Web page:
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Medieval and Classical Library

Hesiod, the Homeric Hymns and Homerica


Online Medieval and Classical Library Release #8

Proclus on Works and Days, 828:
Some make the "Divination by Birds", which Apollonius of Rhodes
rejects as spurious, follow this verse ("Works and Days", 828).

THE ASTRONOMY (fragments)

Fragment #1 --
Athenaeus xi, p. 491 d:
And the author of "The Astronomy", which is attributed forsooth
to Hesiod, always calls them (the Pleiades) Peleiades: `but
mortals call them Peleiades'; and again, `the stormy Peleiades go
down'; and again, `then the Peleiades hide away....'

Scholiast on Pindar, Nem. ii. 16:
The Pleiades.... whose stars are these: -- `Lovely Teygata, and
dark-faced Electra, and Alcyone, and bright Asterope, and
Celaeno, and Maia, and Merope, whom glorious Atlas begot....'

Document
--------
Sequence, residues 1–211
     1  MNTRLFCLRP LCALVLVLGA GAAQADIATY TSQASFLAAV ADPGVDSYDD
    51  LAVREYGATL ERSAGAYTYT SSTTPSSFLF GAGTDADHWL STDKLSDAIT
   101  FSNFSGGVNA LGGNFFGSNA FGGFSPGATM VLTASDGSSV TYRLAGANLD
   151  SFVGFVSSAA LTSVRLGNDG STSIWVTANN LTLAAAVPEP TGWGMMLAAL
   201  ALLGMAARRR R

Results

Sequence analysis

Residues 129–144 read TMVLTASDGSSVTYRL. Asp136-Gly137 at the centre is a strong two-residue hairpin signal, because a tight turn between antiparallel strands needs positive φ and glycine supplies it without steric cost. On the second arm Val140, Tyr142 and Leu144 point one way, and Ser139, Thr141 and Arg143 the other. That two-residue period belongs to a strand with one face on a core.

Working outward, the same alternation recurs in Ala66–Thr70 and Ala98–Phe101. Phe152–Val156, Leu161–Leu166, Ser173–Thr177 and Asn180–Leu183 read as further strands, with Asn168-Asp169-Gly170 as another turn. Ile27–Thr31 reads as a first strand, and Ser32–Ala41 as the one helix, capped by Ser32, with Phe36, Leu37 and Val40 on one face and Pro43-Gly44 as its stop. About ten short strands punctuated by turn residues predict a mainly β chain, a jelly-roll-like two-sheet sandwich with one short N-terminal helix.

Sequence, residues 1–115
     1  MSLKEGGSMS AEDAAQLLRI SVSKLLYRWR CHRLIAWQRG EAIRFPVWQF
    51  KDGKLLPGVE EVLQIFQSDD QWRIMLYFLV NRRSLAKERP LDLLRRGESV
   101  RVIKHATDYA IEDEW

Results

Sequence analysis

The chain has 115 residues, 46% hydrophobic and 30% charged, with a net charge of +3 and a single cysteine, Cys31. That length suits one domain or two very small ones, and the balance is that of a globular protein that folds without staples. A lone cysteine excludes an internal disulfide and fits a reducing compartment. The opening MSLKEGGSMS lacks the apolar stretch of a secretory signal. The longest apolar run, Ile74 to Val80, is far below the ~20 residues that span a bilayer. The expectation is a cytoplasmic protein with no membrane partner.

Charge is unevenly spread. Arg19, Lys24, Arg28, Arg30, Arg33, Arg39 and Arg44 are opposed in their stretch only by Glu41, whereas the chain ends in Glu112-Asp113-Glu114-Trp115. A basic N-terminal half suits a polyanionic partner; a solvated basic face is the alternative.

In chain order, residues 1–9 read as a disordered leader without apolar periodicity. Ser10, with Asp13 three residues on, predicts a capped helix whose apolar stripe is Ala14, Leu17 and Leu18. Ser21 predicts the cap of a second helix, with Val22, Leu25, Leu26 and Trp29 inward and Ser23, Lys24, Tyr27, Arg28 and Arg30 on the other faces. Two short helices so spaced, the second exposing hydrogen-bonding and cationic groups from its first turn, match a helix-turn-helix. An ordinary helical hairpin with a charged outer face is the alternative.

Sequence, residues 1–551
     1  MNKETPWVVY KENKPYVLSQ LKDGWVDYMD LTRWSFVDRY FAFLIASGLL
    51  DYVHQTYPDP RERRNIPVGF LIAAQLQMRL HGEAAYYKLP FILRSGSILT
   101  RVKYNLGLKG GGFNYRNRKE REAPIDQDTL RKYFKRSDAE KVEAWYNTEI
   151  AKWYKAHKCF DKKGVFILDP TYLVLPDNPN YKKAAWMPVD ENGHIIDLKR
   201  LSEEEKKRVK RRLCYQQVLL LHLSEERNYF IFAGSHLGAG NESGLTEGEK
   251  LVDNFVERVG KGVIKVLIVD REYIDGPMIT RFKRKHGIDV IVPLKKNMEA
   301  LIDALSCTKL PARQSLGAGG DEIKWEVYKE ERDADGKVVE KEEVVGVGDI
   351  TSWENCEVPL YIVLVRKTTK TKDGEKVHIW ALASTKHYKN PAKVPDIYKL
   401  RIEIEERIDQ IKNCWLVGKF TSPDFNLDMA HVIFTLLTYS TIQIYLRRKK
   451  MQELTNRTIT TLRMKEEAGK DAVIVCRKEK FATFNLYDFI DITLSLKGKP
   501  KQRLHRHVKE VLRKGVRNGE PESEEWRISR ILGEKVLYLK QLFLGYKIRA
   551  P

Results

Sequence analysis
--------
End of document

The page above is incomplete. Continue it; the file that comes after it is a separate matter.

`In the mountains of Cyllene she (Maia) bare Hermes, the herald
of the gods.'

Fragment #2 --
Scholiast on Aratus 254:
But Zeus made them (the sisters of Hyas) into the stars which are
called Hyades.  Hesiod in his Book about Stars tells us their
names as follows: `Nymphs like the Graces (1), Phaesyle and
Coronis and rich-crowned Cleeia and lovely Phaco and long-robed
Eudora, whom the tribes of men upon the earth call Hyades.'

Fragment #3 --
Pseudo-Eratosthenes Catast. frag. 1: (2)
The Great Bear.] -- Hesiod says she (Callisto) was the daughter
of Lycaon and lived in Arcadia.  She chose to occupy herself with
wild-beasts in the mountains together with Artemis, and, when she
was seduced by Zeus, continued some time undetected by the
goddess, but afterwards, when she was already with child, was
seen by her bathing and so discovered.  Upon this, the goddess
was enraged and changed her into a beast.  Thus she became a bear
and gave birth to a son called Arcas.  But while she was in the
mountains, she was hunted by some goat-herds and given up with
her babe to Lycaon.  Some while after, she thought fit to go into
the forbidden precinct of Zeus, not knowing the law, and being
pursued by her own son and the Arcadians, was about to be killed
because of the said law; but Zeus delivered her because of her
connection with him and put her among the stars, giving her the